OK, so maybe it's obvious, but a good, old-fashioned W-A-L-K is a great way for you to get exercise, and plays an essential role in your pet's overall health. Don't think of it as a chore, or you're likely to quit after a quick lap around the block and a pee, which really isn't enough activity for either of you.
How To Do It: If you have a healthy dog, walk a minimum of 15-20 minutes, which is enough to increase her heart rate and bump up her metabolism. Throw in some spurts of jogging or sprinting to keep your pup excited, and give you both a bit of cardio training.
This summer, when you and your dog are playing fetch from the lakeside dock, get involved and get a workout!
How to Do It: Instead of whipping the tennis ball (or stick or squeeze toy) into the water and sitting back while your pooch performs a sumo splash en route to fetching the ball, dive on in. It's fun to race Rover, plus you'll both benefit from the exercise. Just be sure to keep your clothes and towel away from where he climbs out of the water—and shakes off—or there won't be a dry scrap of fabric left for you.
Climbing steps together will tone your legs and butt, while giving pooch a chance to melt away the Milk-Bones.
How to Do It: Pick a long staircase in your house or, better, find one at a local park or in the bleachers at a nearby sports field. Walk up and down the stairs with your dog leashed by your side. If you're feeling good and want to challenge your pet, try changing up your steps by taking two at a time or by bounding up for short bursts. This is an especially challenging workout for a very small dog.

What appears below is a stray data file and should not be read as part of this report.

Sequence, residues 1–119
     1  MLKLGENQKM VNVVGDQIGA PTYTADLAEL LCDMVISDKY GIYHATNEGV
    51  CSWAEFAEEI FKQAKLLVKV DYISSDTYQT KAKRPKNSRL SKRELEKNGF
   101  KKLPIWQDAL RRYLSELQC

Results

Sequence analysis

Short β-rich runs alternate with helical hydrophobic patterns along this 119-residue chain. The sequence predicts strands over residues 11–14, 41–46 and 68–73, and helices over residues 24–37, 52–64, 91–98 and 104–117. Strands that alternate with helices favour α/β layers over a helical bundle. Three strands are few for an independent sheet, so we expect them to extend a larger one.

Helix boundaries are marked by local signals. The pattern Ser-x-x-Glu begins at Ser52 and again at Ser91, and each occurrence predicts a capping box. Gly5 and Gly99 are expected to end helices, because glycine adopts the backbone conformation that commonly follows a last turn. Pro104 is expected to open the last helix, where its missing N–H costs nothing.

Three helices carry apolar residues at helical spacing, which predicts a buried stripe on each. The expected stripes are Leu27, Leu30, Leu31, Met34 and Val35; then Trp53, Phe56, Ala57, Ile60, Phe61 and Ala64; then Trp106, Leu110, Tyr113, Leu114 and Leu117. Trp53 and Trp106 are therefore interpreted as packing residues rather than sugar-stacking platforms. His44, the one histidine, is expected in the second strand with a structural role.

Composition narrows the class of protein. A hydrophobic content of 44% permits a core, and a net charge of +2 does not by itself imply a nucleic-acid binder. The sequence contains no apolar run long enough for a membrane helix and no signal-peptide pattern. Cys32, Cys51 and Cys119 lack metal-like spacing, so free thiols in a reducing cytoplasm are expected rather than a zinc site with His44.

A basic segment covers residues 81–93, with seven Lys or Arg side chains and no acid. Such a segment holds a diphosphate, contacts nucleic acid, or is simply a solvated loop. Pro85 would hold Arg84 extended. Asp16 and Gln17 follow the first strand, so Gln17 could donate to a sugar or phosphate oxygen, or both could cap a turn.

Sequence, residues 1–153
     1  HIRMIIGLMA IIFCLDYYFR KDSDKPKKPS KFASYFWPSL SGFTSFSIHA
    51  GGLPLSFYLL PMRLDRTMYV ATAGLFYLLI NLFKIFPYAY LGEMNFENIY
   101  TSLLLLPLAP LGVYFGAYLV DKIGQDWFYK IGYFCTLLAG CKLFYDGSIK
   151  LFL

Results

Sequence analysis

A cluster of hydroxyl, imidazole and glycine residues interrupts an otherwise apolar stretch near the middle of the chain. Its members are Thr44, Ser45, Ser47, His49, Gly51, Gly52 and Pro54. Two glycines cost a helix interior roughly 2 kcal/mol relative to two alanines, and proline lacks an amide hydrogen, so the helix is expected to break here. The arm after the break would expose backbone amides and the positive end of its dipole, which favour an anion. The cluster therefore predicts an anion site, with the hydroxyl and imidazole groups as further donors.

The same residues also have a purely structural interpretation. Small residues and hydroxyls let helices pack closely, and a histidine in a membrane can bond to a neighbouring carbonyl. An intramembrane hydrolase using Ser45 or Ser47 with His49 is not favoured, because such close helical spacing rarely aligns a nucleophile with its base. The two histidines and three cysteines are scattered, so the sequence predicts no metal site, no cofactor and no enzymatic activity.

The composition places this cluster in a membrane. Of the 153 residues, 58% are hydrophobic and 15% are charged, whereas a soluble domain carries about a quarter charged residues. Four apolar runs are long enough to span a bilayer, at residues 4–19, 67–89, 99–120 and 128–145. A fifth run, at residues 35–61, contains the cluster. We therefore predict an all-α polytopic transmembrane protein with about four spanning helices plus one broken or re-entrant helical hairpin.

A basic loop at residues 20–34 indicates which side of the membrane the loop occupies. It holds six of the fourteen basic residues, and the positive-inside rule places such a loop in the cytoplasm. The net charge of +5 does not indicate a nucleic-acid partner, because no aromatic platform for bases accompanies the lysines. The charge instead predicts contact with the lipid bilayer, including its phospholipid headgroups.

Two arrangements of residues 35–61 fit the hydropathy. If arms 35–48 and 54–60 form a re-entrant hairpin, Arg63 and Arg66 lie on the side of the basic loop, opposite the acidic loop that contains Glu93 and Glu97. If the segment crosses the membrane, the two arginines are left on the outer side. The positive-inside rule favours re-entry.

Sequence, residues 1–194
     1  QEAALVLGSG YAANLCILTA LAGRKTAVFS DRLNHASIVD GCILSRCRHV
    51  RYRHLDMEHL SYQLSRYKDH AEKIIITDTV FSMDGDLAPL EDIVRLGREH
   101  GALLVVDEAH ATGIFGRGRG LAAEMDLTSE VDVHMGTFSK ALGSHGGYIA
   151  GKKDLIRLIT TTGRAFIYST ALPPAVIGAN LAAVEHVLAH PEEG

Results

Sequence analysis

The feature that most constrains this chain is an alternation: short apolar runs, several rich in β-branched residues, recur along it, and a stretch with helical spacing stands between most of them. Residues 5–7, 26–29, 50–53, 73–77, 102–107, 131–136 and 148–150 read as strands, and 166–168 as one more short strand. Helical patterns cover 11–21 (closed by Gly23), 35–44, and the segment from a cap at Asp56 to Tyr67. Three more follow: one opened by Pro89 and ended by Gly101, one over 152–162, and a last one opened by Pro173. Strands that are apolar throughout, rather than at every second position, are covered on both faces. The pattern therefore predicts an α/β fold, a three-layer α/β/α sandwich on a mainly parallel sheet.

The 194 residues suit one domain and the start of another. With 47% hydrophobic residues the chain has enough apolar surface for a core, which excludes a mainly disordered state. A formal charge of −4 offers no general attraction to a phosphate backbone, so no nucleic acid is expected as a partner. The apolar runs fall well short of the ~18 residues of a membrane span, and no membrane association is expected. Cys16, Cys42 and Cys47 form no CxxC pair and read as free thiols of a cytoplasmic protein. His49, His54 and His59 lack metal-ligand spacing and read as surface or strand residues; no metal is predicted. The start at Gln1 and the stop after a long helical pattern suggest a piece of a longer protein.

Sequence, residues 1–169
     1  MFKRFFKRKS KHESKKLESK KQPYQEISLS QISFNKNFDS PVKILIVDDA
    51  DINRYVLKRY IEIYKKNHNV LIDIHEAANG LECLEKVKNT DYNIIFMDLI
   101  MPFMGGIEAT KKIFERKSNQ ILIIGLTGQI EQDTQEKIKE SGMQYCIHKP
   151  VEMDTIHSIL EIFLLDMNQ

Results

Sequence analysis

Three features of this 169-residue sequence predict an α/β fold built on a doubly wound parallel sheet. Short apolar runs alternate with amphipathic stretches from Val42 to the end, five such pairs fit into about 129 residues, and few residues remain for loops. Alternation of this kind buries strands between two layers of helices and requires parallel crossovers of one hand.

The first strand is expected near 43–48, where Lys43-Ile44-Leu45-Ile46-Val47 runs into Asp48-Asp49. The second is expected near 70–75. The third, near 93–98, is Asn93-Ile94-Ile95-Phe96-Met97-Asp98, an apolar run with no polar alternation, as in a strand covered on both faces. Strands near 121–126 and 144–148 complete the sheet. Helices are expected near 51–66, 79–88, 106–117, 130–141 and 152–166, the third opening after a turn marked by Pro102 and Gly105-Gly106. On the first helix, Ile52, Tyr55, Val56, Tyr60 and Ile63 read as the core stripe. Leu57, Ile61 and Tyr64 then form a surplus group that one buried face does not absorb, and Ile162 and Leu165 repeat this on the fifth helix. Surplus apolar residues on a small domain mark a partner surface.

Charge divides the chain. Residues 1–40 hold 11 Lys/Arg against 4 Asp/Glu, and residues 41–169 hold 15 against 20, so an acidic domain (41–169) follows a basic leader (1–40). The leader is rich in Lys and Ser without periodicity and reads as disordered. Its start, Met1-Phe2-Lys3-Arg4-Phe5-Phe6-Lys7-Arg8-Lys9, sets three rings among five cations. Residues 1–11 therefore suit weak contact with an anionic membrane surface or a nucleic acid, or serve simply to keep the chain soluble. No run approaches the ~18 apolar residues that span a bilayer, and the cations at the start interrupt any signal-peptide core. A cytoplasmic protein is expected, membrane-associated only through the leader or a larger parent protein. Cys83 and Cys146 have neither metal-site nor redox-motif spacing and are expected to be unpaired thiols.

It's time you learned how to play fetch, too.
How to Do It: Head outside and throw your dog his favorite toy—only this time, race him to pick it up. You'll probably lose (unless you do a cheater fake-out move), so you'll have to wrestle the toy from his mouth, toss it again, and start the race all over.
This is exactly like the children's game you played years ago.
How to Do It: You're it to start: "Tag" your dog, then run around the yard and let her chase you. If you have a little dog, chase her instead. After a few minutes, all that sprinting will have both of your hearts pounding, guaranteed. "A lot of chasing activities are fun," Johnson says. "Dogs like to chase and be chased, and it's a more playful twist on exercise than just running or walking."
Swimming offers dogs the same great, low-impact exercise potential it does humans.
How to Do It: First of all, if you don't have a water-loving breed—like a retriever, a water dog or a setter—let him ease into the water at his own pace. Consider a doggy life jacket, and enter the water in a shallow place where he can wade in by himself. If he likes it, slowly back deeper and deeper into the water until he's really swimming. If you know your dog likes swimming, bring a toy to fetch and race him to it. You can swim for longer bouts, but remember that he will follow you regardless of his own fatigue, so head back to shore occasionally to rest up in the shade.